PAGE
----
Best Books for Writers

From the newly published to the invaluable classic, our list of essential books for creative writers.

by Peter Jason Riley

Published in 2012 by Focus Publishing

Written by certified public accountant Peter J. Riley, this practical guide—including tips, worksheets, tax forms, and other information—gives writers and artists an overall understanding of the best strategies for collecting data throughout the year in preparation for tax filing.

by Robin Hemley

Published in 2012 by University of Georgia Press

Robin Hemley examines memoir, journalism, and travel writing as categories of immersion writing and further breaks them down—into the quest, the experiment, the investigation, the infiltration, and the reenactment—in order to define the way writers approach their relationship to their subjects. The book includes helpful exercises, as well as addressing the ethics and legalities of writing about other people.

by W. D. Snodgrass

Published in 2002 by BOA Editions

In this collection of essays, Pulitzer Prize–winning author W. D. Snodgrass—who was central to the rise of confessional poetry in the United States during the 1960s—meditates on the importance of voice in a poet's work.

by Carol Smallwood, Colleen S. Harris, and Cynthia Brackett-Vincent, Editors

Published in 2012 by McFarland & Company

In this collection of essays, fifty-nine women poets offer far-ranging guidance and advice on everything from revision, chapbooks, daily practice, writing conferences, publishing, and writing about the unspeakable. Aimed at emerging and established poets alike, the book is arranged in four themed sections and includes a foreword by poet Molly Peacock.

by CAConrad

Published in 2012 by Wave Books

"I cannot stress enough how much this mechanistic world, as it becomes more and more efficient, resulting in ever increasing brutality, has required me to FIND MY BODY to FIND MY PLANET in order to find my poetry," begins CAConrad in this collection of unorthodox writing exercises meant to upset our perception of everyday life. The poet also includes poems that resulted from the writing exercises featured.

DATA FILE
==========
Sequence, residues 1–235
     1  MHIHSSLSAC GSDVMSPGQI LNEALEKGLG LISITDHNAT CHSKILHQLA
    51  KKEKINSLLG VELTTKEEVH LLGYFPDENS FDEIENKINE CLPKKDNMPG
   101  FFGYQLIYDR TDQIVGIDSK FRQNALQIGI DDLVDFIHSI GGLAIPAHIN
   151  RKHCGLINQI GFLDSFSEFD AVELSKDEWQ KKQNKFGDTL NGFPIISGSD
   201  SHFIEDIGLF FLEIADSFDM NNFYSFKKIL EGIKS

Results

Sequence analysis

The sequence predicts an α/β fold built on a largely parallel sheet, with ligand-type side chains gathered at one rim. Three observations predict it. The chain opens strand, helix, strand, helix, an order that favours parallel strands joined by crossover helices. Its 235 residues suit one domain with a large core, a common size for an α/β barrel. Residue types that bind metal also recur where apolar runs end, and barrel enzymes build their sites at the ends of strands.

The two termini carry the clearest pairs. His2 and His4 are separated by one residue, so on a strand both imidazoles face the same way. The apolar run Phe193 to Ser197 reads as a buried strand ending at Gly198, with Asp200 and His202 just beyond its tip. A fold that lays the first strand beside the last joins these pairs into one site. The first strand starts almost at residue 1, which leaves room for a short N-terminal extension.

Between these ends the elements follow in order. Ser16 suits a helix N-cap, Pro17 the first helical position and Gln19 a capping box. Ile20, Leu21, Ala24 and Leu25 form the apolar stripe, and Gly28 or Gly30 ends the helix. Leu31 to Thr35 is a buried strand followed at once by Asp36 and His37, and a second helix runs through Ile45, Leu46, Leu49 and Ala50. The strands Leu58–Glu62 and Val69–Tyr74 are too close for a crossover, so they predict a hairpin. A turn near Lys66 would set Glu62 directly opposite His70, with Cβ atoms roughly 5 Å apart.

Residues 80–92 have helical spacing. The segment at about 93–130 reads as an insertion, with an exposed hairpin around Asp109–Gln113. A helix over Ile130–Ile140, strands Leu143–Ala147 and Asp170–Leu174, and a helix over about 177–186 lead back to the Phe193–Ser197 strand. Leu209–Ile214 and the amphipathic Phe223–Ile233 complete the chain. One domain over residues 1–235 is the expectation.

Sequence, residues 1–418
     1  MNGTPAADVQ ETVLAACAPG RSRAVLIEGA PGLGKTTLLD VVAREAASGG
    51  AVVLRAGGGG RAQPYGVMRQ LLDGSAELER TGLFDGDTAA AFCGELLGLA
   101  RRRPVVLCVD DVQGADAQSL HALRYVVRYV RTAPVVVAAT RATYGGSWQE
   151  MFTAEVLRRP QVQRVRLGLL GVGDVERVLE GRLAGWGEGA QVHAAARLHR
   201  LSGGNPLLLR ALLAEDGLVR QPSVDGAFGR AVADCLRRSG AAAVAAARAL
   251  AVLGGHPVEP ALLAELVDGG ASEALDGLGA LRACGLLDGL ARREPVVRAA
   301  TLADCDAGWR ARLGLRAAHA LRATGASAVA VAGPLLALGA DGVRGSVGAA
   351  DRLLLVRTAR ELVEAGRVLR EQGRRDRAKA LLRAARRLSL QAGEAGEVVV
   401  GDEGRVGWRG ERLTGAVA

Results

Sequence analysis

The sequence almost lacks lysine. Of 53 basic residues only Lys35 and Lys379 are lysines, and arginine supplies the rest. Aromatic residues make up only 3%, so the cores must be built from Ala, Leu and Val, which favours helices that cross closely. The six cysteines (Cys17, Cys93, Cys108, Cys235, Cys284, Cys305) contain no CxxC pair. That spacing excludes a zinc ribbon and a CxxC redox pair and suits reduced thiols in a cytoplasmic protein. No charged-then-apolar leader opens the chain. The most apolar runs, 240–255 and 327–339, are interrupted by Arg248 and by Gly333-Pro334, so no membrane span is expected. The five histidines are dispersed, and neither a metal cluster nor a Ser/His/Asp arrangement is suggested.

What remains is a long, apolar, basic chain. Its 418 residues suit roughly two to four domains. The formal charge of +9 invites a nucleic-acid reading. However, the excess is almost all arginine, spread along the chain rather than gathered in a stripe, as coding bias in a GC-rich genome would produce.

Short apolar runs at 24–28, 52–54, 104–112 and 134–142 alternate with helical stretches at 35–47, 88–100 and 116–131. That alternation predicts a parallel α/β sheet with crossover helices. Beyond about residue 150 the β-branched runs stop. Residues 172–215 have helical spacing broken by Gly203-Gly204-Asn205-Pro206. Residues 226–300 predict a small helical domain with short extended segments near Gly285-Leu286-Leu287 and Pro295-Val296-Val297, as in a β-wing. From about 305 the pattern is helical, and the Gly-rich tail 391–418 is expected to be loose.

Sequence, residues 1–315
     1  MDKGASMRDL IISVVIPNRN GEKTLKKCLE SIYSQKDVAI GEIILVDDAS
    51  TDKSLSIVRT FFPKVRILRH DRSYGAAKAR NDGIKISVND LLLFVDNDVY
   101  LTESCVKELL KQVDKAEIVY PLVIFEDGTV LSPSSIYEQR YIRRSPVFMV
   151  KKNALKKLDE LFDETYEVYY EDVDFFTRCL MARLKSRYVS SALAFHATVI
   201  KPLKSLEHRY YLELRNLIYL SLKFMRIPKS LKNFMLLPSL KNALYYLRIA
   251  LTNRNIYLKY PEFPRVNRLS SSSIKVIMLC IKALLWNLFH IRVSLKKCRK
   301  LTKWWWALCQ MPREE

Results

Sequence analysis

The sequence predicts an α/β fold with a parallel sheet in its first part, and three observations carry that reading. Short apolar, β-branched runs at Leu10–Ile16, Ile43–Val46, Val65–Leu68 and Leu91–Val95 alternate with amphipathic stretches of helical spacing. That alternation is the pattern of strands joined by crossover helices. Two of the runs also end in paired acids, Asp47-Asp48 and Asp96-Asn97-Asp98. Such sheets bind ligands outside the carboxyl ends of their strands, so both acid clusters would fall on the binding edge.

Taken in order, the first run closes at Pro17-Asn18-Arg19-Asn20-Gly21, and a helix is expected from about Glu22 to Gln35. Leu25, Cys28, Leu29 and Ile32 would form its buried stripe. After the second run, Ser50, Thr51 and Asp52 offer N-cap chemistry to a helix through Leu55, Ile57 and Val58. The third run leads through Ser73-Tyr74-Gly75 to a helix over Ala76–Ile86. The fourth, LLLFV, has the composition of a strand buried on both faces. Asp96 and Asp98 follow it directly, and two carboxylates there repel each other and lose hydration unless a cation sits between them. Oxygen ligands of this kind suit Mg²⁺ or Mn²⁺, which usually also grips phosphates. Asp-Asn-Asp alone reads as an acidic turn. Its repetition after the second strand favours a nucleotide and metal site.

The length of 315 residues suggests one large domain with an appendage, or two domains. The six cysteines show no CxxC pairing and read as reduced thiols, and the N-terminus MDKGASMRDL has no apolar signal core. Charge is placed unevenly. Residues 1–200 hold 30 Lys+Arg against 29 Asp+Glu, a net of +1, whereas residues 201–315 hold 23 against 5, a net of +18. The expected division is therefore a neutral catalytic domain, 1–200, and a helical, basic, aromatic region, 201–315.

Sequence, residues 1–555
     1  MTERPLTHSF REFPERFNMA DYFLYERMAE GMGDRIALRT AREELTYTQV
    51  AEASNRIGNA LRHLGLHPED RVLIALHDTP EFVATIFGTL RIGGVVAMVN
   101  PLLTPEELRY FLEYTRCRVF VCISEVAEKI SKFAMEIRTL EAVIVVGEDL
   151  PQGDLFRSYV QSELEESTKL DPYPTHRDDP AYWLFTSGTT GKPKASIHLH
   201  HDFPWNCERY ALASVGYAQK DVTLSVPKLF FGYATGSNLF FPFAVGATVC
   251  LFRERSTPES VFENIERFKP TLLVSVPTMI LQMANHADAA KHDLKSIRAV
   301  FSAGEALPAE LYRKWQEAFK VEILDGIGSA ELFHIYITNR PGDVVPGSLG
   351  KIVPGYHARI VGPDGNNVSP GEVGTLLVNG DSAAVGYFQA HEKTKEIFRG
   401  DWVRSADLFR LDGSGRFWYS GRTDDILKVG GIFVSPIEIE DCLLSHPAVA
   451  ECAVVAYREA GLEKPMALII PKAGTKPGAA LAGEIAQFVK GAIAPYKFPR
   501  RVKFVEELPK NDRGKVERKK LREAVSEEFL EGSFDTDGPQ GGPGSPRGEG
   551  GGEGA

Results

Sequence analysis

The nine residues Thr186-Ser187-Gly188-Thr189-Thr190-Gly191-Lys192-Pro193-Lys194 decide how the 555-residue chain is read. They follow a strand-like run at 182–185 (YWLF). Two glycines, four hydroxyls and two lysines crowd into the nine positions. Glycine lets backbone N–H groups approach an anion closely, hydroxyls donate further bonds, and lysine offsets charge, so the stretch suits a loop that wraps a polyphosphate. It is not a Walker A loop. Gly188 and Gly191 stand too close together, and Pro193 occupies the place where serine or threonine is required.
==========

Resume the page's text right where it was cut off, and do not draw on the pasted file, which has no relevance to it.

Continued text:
by Carl H. Klaus

Published in 2010 by University of Iowa Press

In this book-length study of the personal essay, Carl Klaus unpacks the made-up self and the manifold ways in which a wide range of essayists and essays have brought it to life. By reconceiving the most fundamental aspect of the personal essay—the I of the essayist—Klaus demonstrates that this seemingly uncontrived form of writing is inherently problematic, not willfully devious but bordering upon the world of fiction.

by Robert S. Boynton

Published in 2005 by Vintage Books

In this compilation of interviews, each prefaced by a biographical introduction, some of America's most prominent working journalists— including Ted Conover, Jon Krakauer, Jane Kramer, Susan Orlean, and Gay Talese—reveal their approaches to composing their best known works.

by Brenda Wineapple, Editor

Published in 2011 by Trinity University Press

This anthology of essays, letters, poems, prose, and excerpts of interviews by fifty-seven authors of the 19th century—including Kate Chopin, Emily Dickinson, Ralph Waldo Emerson, Nathaniel Hawthorne, Sarah Orne Jewett, and Walt Whitman—offers insight into what it means to be a writer within the context of history, as well as classic guidance about craft, style, and form. 

by Ezra Pound, introduction by Michael Dirda

Published in 2010 by New Directions

Originally published in 1934, Pound's book serves as a guide for those interested in honing their critical thinking through reading the classics. The book is based on the premise that to be a good writer one must be a good reader, aware of the traditions out of which the best literature has emerged.

by Andrea Barrett and Peter Turchi, editors

Published in 2011 by Trinity University Press

This anthology features essays by twenty fiction writers, including Charles Baxter, Maud Casey, Lan Samantha Chang, Stacey D'Erasmo, and Kevin McIlvoy, covering narrative distance and voice, character, setting, structure, and more. As the editors write in the introduction, "Writers and readers contemplation of various aspects of the fiction writer's craft will, we think, find this collection surprising, provocative, and even useful." One hundred percent of the book's royalties go to Friends of Writers, Inc., to provide scholarships for developing writers.